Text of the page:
(CNSNews.com) – Anti-euthanasia activists are praising the passage by a leading European governmental body of a resolution stating clearly that euthanasia “must always be prohibited.”
Although not legally-binding on the 47 countries belonging to the body, the measure may have an impact on legislative and judicial processes, they say.
“This resolution is a major victory for the protection of life and dignity,” said Gregor Puppinck, director of the European Center for Law and Justice (ECLJ), a Strasbourg, France-based organization affiliated with the American Center for Law and Justice. “This is the first time, in the past decades, that euthanasia is so clearly rejected by a European political institution.”
Puppinck was responding to a vote by the Council of Europe Parliamentary Assembly (PACE), meeting in Strasbourg, approving a measure that included the line, “Euthanasia, in the sense of the intentional killing by act or omission of a dependent human being for his or her alleged benefit, must always be prohibited.”
“The declaration would appear to oppose actions taken against the incompetent to end their lives, such as be lethal injection, intentional overdose of morphine, or removal of feeding tubes,” anti-euthanasia campaigner and author Wesley J. Smith said in response to queries.
“Any public statement by officialdom that supports the sanctity/equality of life ethic is to be applauded.”
The resolution, which passed by a 34-16 vote, with six abstentions, does not focus directly on the issue of euthanasia or assisted suicide, but rather on issues relating to practice of “living wills” or “advanced directives.”
These are documents drawn up by patients to spell out, in advance, their wishes regarding medical intervention, should they later not be too ill or incapacitated to make those wishes known.
The ECLJ says the documents are open to abuse, and may become a “backdoor” for introducing euthanasia or assisted suicide into legislation.
The PACE has drawn up a list of principles to govern the practice, and the resolution calls on member states to review their relevant legislation on the matter with a view to improving it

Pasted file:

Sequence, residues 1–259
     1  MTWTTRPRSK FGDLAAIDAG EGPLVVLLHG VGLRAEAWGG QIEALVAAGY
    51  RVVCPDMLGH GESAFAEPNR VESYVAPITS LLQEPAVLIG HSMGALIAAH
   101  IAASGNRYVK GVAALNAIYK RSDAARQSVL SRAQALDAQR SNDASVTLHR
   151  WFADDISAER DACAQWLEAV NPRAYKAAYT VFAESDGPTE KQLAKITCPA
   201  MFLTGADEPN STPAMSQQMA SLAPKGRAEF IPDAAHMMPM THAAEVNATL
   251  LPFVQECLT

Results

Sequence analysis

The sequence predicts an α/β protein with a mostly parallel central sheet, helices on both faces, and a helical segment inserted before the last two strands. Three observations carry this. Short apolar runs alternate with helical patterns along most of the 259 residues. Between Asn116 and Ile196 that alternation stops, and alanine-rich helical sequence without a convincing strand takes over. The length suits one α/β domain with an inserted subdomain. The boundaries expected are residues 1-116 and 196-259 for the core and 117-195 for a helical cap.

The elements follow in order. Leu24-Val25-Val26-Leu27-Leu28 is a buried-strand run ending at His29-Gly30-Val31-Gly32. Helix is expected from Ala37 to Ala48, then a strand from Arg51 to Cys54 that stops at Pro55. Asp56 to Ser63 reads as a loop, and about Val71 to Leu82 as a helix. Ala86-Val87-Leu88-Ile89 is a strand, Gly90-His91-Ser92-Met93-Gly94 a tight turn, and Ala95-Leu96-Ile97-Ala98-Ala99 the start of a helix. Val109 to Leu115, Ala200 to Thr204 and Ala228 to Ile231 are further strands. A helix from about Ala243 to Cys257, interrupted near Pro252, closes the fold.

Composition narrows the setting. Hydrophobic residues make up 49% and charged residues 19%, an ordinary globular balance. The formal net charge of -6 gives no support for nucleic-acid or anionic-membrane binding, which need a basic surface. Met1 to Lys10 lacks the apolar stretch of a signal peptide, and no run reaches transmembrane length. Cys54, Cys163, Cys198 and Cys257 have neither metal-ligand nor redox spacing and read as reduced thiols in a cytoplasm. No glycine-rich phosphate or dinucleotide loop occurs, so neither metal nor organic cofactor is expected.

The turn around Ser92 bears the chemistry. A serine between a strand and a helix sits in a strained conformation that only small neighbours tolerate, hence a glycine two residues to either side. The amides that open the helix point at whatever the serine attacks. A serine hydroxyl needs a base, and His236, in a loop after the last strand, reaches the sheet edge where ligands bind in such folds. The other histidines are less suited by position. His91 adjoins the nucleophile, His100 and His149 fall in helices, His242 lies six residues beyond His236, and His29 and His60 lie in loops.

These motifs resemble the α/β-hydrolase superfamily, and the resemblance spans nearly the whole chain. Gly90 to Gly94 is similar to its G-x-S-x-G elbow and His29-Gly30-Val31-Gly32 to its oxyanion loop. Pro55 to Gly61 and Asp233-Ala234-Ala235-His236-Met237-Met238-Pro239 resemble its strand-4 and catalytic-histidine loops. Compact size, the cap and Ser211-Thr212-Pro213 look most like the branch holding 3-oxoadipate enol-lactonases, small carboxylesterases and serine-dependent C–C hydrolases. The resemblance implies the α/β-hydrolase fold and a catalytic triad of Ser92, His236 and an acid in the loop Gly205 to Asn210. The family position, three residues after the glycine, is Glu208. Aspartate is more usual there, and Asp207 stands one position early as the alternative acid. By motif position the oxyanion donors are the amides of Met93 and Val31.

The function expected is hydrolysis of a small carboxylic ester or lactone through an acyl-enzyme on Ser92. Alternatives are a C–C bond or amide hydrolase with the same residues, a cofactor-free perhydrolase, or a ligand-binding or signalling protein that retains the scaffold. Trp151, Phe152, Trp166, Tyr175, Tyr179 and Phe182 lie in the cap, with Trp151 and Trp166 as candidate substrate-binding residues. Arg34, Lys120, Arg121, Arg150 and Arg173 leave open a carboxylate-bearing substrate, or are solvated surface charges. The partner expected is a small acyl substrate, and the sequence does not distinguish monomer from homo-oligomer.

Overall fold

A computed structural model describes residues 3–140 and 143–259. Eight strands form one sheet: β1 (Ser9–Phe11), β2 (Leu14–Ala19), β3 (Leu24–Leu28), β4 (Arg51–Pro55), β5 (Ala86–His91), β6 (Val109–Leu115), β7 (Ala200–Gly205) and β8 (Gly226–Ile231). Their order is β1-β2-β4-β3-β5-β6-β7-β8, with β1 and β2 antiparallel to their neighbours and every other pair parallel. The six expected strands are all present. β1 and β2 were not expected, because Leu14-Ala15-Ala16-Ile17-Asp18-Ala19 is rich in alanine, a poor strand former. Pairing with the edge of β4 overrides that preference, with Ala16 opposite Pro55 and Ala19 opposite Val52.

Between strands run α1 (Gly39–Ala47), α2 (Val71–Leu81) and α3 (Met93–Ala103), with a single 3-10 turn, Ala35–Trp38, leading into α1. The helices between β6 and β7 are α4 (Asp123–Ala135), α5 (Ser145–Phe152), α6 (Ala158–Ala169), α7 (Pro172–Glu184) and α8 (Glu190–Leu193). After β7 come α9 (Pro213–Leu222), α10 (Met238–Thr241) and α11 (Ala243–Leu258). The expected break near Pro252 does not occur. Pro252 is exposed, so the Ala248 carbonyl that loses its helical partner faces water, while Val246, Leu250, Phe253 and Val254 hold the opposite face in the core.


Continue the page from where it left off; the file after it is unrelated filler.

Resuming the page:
“But because of the growing concerns around euthanasia, the Assembly estimated that it is necessary to recall explicitly the basic principle that ‘intentional killing must always be prohibited,’ ” Puppinck said.
‘If in doubt, decision must be pro-life’
He also welcomed the inclusion in the resolution of a clause that calls on national parliaments, when legislating in this area, to respect a principle stating, “surrogate decisions that rely on general value judgments present in society should not be admissible and, in case of doubt, the decision must always be pro-life and the prolongation of life.”
“This resolution is a clear indication that the growing majority of Europeans is opposed to euthanasia,” Puppinck said. “The many abuses occurring in the countries allowing euthanasia are alarming and constitute violations of true human rights.”
He said the handful of European countries that allow euthanasia – the Netherlands, Belgium, Luxembourg and Switzerland – should now review their legislation, in line with the principles laid out in the PACE resolution.
The PACE is a body of European lawmakers representing the 47 member states of the Council of Europe, a grouping formed in the aftermath of World War II and responsible for the European Convention on Human Rights and European Court of Human Rights.
Not to be confused with the smaller European Union, the Council of Europe includes former Soviet constituent states including Russia, Ukraine, the Baltic States, Moldova, Georgia, Armenia and Azerbaijan.
The 47 member states’ national parliaments appoint 318 representatives to serve on the PACE, which meets four times a year in Strasbourg, the same location as the entirely separate European Parliament, an E.U. body.
Puppinck voiced the hope that the PACE resolution would have a direct impact on an important upcoming European Court of Human Rights ruling in a case relating to the ban of assisted suicide in Germany.
A German named Ulrich Koch filed a lawsuit with the court, arguing that his country’s law violates the constitutional right to privacy and a dignified death. He brought the case after his wife, paralyzed after a fall, was refused access to lethal drugs to kill herself. She ultimately committed suicide in 2005 at a controversial Swiss euthanasia clinic, Dignitas.